The Peephole by Norman Rockwell
August 30, 1958 Issue of The Saturday Evening Post
The Peephole, a Norman Rockwell painting , appeared on the cover of The Saturday Evening Post published August 30, 1958. This is another timeless favorite of Rockwell collectors, a classic for all the ages.
This painting was Rockwell's 301st overall out of 322 total paintings that were published on the cover of the Saturday Evening Post. Rockwell's career with the Post, spanning 47 years, began with his first cover illustration, Boy With Baby Carriage in 1916 and continued through his last, Portrait of John F. Kennedy, in 1963.
This was also the third cover for The Post in 1958. In 1958, there were five Norman Rockwell Saturday Evening Post covers published.
The location of the original oil on canvas painting is not known.
This painting also appears in three Rockwell commentary books. It appears:
Pristine original copies of this magazine cover bring good prices on eBay, when it is available. And to think it only cost fifteen cents originally! And it was mint condition then, too.
Norman Rockwell captures the forbidden practice of seeing a sporting event without paying admission.
Knots in wood occur naturally. Eventually a knot becomes a knothole. Sometimes a boy just can't wait for the knothole to open up.
That is when the boy, under cover of darkness, might spped along the hole part of the knothole.
The groundskeeper for the ball park would be responsible for repairing any holes in the fence.
The groundskeeper apparently has not discovered this hole yet. It is still fully operational.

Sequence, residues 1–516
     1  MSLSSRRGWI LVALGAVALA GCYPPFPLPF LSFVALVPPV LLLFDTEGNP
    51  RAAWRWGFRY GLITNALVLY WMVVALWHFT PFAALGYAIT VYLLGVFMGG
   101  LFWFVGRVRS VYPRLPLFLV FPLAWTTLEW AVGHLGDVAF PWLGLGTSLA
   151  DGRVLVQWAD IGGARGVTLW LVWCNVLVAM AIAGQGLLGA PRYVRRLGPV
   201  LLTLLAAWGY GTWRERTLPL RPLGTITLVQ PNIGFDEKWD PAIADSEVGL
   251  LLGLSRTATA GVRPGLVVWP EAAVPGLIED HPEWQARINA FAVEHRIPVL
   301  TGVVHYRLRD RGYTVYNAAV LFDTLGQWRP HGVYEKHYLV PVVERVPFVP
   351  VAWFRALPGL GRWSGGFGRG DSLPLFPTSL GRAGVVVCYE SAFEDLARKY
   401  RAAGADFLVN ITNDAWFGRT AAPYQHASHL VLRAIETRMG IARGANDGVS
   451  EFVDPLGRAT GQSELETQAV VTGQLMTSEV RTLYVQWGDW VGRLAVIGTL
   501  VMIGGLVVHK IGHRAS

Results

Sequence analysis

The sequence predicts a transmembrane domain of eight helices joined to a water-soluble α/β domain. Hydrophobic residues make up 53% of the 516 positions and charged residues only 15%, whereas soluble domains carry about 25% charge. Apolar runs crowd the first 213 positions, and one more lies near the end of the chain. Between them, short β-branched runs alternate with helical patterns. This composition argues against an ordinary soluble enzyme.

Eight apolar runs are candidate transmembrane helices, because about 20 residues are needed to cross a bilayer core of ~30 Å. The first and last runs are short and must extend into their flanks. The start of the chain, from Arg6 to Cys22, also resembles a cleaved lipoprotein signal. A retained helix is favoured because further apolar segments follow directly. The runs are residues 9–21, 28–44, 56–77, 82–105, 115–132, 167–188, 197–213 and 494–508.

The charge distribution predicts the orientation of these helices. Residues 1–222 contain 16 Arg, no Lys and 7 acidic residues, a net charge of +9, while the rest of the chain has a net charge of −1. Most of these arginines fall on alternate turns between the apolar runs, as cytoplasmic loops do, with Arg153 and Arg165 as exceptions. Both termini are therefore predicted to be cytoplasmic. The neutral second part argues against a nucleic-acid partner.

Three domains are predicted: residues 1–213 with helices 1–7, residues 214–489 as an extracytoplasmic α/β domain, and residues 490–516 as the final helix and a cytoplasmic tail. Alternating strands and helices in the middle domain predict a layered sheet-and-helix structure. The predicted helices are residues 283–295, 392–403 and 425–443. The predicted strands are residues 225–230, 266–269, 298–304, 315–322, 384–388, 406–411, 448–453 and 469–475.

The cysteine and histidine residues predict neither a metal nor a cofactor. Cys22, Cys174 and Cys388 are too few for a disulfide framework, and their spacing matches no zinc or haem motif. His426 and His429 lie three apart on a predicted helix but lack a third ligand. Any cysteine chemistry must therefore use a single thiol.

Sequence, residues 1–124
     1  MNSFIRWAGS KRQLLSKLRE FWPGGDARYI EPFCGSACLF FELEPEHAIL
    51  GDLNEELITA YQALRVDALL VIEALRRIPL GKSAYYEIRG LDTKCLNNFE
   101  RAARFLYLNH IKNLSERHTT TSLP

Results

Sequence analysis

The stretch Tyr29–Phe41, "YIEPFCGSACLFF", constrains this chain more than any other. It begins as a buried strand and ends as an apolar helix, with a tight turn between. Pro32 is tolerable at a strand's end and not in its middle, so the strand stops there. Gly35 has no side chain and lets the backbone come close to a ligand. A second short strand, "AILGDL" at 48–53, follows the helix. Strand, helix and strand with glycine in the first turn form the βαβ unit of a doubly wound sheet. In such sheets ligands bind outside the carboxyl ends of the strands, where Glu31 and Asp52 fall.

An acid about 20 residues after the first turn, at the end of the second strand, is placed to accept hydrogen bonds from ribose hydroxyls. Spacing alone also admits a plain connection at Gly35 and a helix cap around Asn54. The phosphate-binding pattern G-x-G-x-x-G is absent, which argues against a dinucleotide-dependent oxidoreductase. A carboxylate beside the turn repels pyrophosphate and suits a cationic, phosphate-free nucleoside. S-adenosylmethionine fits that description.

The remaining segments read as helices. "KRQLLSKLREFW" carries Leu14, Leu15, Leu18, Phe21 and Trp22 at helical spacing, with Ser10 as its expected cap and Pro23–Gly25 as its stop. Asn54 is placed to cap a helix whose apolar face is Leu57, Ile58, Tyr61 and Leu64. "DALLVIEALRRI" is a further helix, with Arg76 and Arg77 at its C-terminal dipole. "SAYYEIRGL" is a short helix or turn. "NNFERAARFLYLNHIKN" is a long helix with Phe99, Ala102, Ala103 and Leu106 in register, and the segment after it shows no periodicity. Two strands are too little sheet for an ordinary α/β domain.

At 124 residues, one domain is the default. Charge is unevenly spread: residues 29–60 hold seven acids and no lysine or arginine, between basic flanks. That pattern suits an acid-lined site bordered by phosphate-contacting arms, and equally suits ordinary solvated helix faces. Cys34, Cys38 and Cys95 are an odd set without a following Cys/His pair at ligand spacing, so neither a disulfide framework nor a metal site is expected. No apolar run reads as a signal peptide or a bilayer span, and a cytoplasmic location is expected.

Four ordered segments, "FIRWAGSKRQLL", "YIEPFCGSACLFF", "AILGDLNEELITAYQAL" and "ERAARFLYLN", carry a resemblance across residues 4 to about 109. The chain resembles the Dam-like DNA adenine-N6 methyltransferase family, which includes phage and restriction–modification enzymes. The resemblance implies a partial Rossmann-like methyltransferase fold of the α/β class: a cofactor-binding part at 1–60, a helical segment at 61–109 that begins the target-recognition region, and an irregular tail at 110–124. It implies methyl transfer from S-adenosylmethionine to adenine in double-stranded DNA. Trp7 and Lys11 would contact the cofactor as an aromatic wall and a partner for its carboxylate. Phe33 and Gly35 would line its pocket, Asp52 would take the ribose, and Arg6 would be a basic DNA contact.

Some critics have opined that Rockwell's painting of the wood and knothole look more real than the real thing. He surely captured all the details of the wood he was painting.
The Peephole was only one of 322 Norman Rockwell Saturday Evening Post covers; Here is the list of Norman Rockwell Saturday Evening Post cover illustrations.
Here is the complete list of all Norman Rockwell magazine covers.
This knothole is also in perfect position to see the pitching mound. Player number 9 is just getting to his release.
Maybe there is another with a view of home plate.
Rockwell whimsically carved his name into the wood as a signature. That just emphasizes the feel of the painting.
Norman Rockwell's The Peephole (1958)
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Do you have a personal story about this painting? Do you know the model personally? Do you have a different take on the commentary?
Norman Rockwell Quotes:
I'll never have enough time to paint all the pictures I'd like to.
No man with a conscience can just bat out illustrations. He's got to put all his talent and feeling into them!
Some people have been kind enough to call me a fine artist. I've always called myself an illustrator. I'm not sure what the difference is. All I know is that whatever type of work I do, I try to give it my very best. Art has been my life.
Right from the beginning, I always strived to capture everything I saw as completely as possible.
The secret to so many artists living so long is that every painting is a new adventure. So, you see, they're always looking ahead to something new and exciting. The secret is not to look back.
I can take a lot of pats on the back. I love it when I get admiring letters from people. And, of course, I'd love it if the critics would notice me, too.
You must first spend some time getting your model to relax. Then you'll get a natural expression.
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